Boeing BBJ 747-8i

The biggest ride in the sky can be yours for a bargain price.

When the first 747 jumbo quad-engine jet took to the sky in 1969, I was in the sixth grade. By the time the last one rolls off Boeing’s Everett, Washington production line next year—nearly 54 years and 1,600 airplanes later—I’ll be on Medicare. My generation grew up with the 747 and then got old with it. It was the first airplane many of us took to Europe or Asia. More than any other aircraft, it democratized the skies, making international travel more available and affordable than ever before. An estimated 3.5 billion people have flown on the 747 and by 2017 the worldwide fleet had logged 42 billion miles. Today, it remains the world’s fastest production airliner. 

Cargo variants continue to serve as invaluable components of the international supply chain. Every night, they pass high over my house, piercing the vacuum of bucolic silence, flying from the heart of the U.S. to Anchorage and then on to China and Japan and back again. 

Since 1989, two 747-200s have served as the symbol of American prestige, carrying the president and flying as Air Force One. Four more less glamorous ones, designated E4-Bs, rotate to shadow the president. These “doomsday airplanes” are equipped to serve as flying command posts in the event of a foreign attack or another catastrophe. With air-to-air refueling, they can stay aloft for a week. 

The latest model of the aircraft, the 747-8, is more than 250 feet long and fully loaded weighs just shy of one million pounds. Two of these are slated to serve as the next-generation Air Force One and are currently undergoing completion and modification at Boeing’s San Antonio facility. They are likely to fly the president until at least 2060 and by then could well be the last 747s in the air.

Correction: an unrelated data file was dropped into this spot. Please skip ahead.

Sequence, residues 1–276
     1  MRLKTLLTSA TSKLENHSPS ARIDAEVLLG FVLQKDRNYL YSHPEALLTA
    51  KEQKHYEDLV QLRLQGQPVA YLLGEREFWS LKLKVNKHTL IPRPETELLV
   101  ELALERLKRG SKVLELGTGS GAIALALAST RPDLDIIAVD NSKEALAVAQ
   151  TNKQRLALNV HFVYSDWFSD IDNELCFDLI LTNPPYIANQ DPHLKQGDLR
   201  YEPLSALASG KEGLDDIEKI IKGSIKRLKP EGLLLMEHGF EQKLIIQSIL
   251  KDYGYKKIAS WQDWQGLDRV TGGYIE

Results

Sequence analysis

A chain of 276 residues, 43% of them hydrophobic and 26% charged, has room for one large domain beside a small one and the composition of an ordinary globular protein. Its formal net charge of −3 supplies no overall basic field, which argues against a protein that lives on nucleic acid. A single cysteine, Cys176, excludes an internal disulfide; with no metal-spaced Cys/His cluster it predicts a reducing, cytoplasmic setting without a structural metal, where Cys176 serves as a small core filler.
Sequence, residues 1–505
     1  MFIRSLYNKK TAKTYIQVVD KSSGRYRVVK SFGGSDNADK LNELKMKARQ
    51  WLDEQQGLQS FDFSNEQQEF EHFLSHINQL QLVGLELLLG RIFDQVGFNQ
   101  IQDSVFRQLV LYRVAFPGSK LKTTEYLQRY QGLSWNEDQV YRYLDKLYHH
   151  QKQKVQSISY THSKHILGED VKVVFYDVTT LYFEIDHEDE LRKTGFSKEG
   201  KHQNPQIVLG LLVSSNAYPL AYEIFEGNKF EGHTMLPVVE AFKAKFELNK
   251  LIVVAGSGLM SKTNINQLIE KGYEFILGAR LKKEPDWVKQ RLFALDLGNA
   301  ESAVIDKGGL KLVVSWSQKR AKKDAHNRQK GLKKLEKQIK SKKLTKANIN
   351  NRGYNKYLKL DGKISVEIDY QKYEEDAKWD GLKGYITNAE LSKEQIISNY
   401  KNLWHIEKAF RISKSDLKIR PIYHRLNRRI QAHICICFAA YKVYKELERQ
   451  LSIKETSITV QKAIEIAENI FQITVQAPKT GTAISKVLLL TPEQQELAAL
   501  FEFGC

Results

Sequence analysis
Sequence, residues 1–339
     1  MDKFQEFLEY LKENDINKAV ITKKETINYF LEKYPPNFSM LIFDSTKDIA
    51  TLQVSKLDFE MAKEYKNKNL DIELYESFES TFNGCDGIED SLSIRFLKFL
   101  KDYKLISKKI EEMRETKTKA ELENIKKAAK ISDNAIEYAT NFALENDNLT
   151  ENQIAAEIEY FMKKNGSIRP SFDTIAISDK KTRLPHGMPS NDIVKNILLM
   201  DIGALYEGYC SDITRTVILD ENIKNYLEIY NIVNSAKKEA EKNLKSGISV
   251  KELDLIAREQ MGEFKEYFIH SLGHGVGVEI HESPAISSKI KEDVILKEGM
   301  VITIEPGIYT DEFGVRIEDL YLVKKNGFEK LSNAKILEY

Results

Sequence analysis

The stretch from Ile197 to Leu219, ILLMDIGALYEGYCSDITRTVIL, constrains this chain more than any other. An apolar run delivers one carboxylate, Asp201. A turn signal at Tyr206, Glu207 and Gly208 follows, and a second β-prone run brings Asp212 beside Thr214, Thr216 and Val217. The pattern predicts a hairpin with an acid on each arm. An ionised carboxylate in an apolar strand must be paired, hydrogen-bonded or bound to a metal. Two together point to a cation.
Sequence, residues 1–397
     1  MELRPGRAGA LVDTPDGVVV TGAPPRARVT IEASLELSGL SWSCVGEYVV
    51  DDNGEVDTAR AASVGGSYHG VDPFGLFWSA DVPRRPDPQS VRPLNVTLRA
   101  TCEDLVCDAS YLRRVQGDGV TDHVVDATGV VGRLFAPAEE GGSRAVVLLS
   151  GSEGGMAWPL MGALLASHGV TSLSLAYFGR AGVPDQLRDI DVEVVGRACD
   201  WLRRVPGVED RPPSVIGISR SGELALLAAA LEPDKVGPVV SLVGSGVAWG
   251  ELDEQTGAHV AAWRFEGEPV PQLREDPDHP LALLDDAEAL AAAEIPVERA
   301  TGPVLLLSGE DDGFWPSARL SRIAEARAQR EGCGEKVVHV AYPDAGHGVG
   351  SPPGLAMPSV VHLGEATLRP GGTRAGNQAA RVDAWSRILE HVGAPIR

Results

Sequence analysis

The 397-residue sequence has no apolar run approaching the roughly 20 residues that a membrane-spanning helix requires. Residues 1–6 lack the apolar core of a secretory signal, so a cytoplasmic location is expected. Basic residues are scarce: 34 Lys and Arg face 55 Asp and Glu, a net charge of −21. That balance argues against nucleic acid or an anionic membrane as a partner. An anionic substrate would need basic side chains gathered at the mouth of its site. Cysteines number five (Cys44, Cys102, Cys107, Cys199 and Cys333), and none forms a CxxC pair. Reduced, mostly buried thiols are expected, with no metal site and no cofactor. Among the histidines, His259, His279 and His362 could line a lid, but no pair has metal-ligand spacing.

The reason? Four engines are more expensive to run than two and it takes a lot longer to turn an airplane between flights that carry 400 to 800 passengers as opposed to ones that haul 250 to 300. Aircraft sitting on the ground don’t make money. Cognizant of this, airlines have been parking, scrapping, and sawing up 747s as fast as they can, replacing them with long-range, wide-body twin jets such as the Boeing 777 and 787 and Airbus A330 and A350. The pandemic only sped up the process. Of the 440 or so 747s still flying, fewer than 40 are in airline service. The remainder earn their keep flying freight. 

Boeing had hoped to keep the 747 going a while longer. In 2005 it announced plans for the airplane that would become the 747-8. It was a tepid answer to Airbus’s behemoth A380 double-deck quad jet—itself a $30 billion commercial development pyre, albeit one that was substantially financed by the European Union in one form or another. But then Airbus pulled the plug on it, ending production this year after a mere 251 deliveries that began in 2007. Even at the retail price of $445 million a copy, Airbus still couldn’t make money on it. And, like the 747, it is already being scrapped for parts by some airlines. 

I was inside Boeing’s massive Everett hangar—all 472,370,319 cubic feet of it, 98.7 acres under roof—when the 747-8 had its public reveal in 2011. The theatrical production was replete with a smoke machine, live music, scores of dignitaries, and plenty of marketing hyperbole. The airplane was painted in white and orange, the latter a nod to potential Asian customers who believe the color represents good fortune. 

It didn’t.